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Repeat After Me 8-14-13

Repeat After Me 8-14-13

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Published by pololambros
Standard Poor
Standard Poor

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Categories:Types, Business/Law
Published by: pololambros on Dec 08, 2013
Copyright:Attribution Non-commercial


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Economic Research:
Repeat After Me: Banks Cannot AndDo Not "Lend Out" Reserves
Credit Market Services:
Paul Sheard, Chief Global Economist and Head of Global Economics and Research, New York (1)212-438-6262; paul_sheard@standardandpoors.com
Table Of Contents
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Economic Research:
Repeat After Me: Banks Cannot And Do Not "LendOut" Reserves
Editor's Note: 
 The views expressed here are those of Standard & Poor's chief global economist. While these views can help toinform the ratings process, sovereign and other ratings are based on the decisions of ratings committees, exercising their analytical judgment in accordance with publicly available ratings criteria.)
John Maynard Keynes famously wrote that: "Practical men, who believe themselves to be quite exempt from anyintellectual influence, are usually the slaves of some defunct economist." (1) A modern example of that dictum,relevant to the economy, policy, and markets, is the widespread view that banks can "lend out" their reserves(deposits) at the central bank, as if bank reserves represented a pool of money that is just waiting to "flow into" bank lending. Because such a thing cannot occur and therefore has not occurred, the point is usually made in reverse: bankscurrently are not "lending out" their reserves--rather they are "parking" their reserves at the central bank or leavingthem "idle." But that they might lend them out in the future is a lurking risk and a reason to be cautious about thecentral bank engaging in aggressive quantitative easing (QE) (2).
 Many talk as if banks can "lend out" their reserves, raising concerns that massive excess reserves created byQE could fuel runaway credit creation and inflation in the future. But banks cannot lend their reserves directlyto commercial borrowers, so this concern is misplaced.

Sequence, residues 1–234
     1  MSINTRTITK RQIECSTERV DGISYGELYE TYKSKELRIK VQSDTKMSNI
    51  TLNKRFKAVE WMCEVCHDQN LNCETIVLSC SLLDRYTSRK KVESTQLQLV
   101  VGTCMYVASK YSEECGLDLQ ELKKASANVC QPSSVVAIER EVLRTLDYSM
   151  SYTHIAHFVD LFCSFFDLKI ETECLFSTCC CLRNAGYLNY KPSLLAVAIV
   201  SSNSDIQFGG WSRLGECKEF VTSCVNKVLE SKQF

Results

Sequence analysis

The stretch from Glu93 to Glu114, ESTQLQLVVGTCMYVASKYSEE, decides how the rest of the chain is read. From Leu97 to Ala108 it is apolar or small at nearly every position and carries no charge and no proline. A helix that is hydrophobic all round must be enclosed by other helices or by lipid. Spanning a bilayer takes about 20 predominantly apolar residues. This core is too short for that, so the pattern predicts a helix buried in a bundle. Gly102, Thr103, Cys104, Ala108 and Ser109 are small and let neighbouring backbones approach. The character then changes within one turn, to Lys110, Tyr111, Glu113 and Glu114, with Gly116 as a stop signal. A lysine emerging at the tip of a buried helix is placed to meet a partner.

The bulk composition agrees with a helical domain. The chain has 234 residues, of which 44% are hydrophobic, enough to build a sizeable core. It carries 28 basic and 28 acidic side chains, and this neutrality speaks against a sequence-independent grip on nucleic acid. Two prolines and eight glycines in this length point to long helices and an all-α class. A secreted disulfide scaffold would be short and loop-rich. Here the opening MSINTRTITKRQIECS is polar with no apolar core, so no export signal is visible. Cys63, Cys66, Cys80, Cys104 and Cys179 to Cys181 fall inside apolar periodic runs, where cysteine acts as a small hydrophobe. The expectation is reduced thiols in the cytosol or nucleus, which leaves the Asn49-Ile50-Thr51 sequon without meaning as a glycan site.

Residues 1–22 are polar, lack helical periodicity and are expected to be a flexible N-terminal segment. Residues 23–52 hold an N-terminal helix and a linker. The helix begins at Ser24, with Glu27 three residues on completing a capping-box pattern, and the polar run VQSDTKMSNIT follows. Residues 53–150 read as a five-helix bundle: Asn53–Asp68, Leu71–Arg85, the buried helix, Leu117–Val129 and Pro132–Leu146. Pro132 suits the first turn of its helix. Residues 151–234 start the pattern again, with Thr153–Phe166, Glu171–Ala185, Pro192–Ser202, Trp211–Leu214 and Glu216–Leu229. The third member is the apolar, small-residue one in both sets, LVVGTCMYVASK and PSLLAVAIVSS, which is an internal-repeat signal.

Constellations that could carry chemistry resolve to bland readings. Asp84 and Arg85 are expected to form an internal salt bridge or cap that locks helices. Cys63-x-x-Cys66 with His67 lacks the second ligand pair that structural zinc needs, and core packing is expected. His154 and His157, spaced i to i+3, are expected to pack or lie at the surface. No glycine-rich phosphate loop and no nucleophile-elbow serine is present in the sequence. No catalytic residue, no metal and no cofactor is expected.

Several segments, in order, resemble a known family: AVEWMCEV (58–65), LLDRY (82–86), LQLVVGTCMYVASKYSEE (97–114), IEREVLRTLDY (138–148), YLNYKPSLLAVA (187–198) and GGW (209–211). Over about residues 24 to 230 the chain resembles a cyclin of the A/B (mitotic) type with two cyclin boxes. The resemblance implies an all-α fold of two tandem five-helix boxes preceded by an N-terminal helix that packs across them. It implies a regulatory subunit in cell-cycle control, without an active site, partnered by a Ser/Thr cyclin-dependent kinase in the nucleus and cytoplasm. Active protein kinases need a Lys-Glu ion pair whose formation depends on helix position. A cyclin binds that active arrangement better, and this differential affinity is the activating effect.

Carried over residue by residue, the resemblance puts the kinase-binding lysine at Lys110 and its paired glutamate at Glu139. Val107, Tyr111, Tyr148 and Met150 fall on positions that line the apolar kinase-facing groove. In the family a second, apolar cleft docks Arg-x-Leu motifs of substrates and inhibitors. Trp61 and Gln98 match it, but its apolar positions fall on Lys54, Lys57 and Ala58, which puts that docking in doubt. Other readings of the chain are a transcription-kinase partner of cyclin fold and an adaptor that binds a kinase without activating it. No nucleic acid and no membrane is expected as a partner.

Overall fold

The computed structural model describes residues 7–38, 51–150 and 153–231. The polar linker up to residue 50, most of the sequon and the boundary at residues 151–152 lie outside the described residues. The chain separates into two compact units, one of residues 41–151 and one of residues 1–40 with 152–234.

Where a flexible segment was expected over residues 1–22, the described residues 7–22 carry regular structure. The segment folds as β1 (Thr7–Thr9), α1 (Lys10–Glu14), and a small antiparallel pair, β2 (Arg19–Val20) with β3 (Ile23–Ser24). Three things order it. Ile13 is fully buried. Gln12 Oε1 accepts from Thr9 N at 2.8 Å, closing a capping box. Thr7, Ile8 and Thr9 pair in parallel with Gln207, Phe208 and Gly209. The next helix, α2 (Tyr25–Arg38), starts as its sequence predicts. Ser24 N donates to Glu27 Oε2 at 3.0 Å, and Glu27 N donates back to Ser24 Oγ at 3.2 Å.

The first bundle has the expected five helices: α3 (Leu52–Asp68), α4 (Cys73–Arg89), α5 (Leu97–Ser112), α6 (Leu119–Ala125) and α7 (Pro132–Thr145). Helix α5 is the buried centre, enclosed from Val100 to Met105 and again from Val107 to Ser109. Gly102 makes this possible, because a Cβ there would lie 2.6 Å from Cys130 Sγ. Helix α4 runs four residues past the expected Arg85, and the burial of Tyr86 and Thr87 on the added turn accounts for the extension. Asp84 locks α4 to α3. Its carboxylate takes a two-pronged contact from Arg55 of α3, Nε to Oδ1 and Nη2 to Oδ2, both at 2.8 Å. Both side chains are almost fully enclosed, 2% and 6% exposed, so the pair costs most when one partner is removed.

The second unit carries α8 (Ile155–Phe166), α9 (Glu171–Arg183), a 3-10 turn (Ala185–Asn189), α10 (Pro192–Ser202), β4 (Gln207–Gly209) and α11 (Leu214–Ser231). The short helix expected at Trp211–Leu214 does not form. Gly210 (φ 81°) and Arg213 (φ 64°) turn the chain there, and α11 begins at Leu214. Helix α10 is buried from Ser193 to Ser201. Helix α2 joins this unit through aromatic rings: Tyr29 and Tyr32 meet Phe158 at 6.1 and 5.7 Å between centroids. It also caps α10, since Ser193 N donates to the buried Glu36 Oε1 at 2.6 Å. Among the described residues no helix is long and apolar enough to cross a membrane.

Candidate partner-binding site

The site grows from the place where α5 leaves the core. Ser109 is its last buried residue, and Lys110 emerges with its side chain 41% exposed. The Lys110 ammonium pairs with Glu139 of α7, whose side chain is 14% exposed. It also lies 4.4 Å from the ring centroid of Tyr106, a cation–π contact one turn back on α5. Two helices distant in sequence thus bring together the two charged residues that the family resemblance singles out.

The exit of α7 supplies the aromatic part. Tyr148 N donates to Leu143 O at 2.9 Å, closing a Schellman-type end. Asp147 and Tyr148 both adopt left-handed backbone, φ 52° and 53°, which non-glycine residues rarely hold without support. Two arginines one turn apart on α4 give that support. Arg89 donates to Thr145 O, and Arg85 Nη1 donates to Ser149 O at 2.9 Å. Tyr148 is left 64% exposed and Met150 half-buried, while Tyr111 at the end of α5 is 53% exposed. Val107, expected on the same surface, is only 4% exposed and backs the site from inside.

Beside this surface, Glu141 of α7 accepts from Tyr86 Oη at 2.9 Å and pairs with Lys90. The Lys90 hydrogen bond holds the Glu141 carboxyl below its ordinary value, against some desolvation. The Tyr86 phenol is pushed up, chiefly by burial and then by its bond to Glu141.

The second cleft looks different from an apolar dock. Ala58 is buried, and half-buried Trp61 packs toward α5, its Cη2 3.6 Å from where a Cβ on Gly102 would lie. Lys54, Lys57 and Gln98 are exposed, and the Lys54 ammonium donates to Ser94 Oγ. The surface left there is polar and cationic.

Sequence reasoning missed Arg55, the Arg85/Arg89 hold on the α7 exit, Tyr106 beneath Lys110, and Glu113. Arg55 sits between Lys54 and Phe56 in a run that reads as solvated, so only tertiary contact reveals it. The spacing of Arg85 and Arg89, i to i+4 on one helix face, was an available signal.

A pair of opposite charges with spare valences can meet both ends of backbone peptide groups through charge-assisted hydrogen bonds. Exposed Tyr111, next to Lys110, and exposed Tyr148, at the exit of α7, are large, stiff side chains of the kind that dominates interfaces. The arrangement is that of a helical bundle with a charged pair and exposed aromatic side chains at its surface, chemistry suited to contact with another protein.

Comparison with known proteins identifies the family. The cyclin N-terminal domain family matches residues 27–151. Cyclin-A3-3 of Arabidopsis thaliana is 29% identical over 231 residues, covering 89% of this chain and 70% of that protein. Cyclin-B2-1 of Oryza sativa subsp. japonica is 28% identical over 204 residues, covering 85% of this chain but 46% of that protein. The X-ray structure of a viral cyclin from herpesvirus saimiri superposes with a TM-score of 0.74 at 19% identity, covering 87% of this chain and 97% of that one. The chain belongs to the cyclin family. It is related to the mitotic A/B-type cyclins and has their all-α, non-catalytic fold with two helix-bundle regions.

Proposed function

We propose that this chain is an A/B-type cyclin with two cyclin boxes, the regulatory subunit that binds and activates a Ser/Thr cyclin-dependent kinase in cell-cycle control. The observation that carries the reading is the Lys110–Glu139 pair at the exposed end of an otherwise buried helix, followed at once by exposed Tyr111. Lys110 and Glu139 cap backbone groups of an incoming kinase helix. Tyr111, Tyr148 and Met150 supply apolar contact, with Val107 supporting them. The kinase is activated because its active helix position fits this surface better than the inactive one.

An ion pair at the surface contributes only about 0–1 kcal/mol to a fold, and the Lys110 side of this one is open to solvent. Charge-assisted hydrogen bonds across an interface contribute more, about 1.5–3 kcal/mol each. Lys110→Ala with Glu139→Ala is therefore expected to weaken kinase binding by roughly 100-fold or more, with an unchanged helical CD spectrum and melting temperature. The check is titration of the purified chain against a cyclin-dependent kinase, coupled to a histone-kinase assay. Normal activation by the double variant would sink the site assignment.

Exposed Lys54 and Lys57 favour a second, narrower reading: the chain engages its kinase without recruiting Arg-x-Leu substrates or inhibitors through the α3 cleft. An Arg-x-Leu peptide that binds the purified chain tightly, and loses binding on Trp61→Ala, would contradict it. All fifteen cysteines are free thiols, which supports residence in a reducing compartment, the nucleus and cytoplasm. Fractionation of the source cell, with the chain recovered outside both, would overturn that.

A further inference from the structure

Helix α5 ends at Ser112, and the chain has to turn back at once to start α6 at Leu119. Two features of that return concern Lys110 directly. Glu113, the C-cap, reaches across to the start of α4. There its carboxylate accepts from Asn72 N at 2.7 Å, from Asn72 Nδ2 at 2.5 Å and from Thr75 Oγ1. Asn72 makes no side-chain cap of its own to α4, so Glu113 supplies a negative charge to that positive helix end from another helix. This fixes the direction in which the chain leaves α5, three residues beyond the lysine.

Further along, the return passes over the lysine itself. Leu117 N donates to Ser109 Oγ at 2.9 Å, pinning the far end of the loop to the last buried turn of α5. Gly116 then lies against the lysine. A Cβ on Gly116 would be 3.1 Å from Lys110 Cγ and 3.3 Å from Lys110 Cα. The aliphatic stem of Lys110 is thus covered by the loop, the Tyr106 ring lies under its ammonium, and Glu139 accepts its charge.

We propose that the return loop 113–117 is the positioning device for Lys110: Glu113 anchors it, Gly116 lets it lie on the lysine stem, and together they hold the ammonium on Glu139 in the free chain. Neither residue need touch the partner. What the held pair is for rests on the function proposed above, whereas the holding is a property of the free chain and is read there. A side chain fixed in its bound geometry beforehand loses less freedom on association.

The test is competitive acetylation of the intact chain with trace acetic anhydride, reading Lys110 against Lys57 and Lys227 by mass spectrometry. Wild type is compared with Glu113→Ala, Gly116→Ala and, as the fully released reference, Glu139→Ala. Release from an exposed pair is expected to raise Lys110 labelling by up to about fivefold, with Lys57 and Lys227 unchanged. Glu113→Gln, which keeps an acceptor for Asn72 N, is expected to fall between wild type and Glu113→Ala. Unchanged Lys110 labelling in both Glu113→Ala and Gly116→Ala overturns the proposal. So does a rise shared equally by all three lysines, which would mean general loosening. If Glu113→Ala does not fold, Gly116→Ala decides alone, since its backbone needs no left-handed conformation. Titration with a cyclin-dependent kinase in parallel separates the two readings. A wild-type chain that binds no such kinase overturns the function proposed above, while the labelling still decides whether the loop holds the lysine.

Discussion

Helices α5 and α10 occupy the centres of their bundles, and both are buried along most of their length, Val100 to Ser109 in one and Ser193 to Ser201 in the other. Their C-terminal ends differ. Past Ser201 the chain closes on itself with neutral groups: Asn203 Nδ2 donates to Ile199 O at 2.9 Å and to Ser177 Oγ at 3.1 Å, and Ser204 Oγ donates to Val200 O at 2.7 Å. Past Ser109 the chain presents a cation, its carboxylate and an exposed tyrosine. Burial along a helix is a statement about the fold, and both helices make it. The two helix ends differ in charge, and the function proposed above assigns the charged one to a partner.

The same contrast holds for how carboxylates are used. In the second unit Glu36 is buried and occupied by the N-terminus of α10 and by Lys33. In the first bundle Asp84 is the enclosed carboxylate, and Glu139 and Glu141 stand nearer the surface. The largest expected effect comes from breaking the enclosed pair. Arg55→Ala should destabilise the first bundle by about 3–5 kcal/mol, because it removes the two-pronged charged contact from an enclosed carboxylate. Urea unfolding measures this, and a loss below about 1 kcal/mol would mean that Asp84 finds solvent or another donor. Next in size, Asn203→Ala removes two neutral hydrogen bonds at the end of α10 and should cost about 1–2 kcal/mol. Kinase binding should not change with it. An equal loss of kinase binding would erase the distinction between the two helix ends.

Banks do need to hold reserves (as a liquidity buffer) against their deposits, and banks create deposits whenthey lend. But normally banks are not reserve constrained, so excess reserves do not loosen a reserveconstraint.
 Banks in aggregate can reduce their reserves only to the extent that they initiate new lending and the bank deposits created as a result flow into the economy as new banknotes as the public demands more of them.
 QE does aim to ease financial conditions and spur more bank lending than otherwise would have occurred, butthe mechanisms by which this happens are much more subtle and indirect than commonly implied.
 If the excess reserves created by QE were to be associated with too much credit creation, central banks couldreadily extinguish them.The central bank balance-sheet mechanics of QE and how they relate to bank credit creation may sound a bit wonkish.But correctly understanding how the transmission mechanism of QE works is important. It is fine for policymakers,economists, and market participants to disagree about the appropriateness and efficacy of QE, but at least they shoulddo so on the basis of a correct understanding of its balance-sheet mechanics.
The Money Multiplier View Of Credit Creation
What is the defunct idea here that has such a grip on the world? Almost anyone who has taken an introductory course
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in economics or who has consulted a textbook on the issue will have studied the "money/credit multiplier" or"fractional-reserve banking" theory of credit creation. The story line is essentially as follows (3). Under afractional-reserve banking system (the system in operation virtually everywhere in modern developed economies), banks have to hold a fraction of their deposits (a liability for them) as deposits at the central bank (called reserves) (anasset for them), but they can "lend out" the remainder. Given these reserve requirements (set by the central bank) andthe public's preferences for holding cash, there is a fixed "money multiplier" (the ratio of broad money to central bank reserves), such that a given amount of reserves multiplies into a much bigger amount of bank lending. The central bank supplies reserves to the banking system via open market operations or discount window lending, so when itincreases reserves, given the fixed money multiplier, bank lending and deposits (or the broader money supply) shouldincrease as well (4).If this theory held, QE, by massively increasing the base of money creation, would lead to an explosion of bank credit.Because QE and credit creation do not work this way, it has not. Many commentators, and even some monetarypolicymakers who are schooled in the theory, respond to this by observing that "the money multiplier has collapsed,"with the implication that the collapse may just be temporary (see chart 1). Banks are just "parking" their excessreserves (that is, reserves in excess of the amount that banks are required by regulation to hold) at the central bank, but, when demand for funds picks up, they might start "lending them out," and, because the amount of excess reservesis so massive, there may be a burst of inflation--perhaps uncontrollable inflation.
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Economic Research: Repeat After Me: Banks Cannot And Do Not "Lend Out" Reserves

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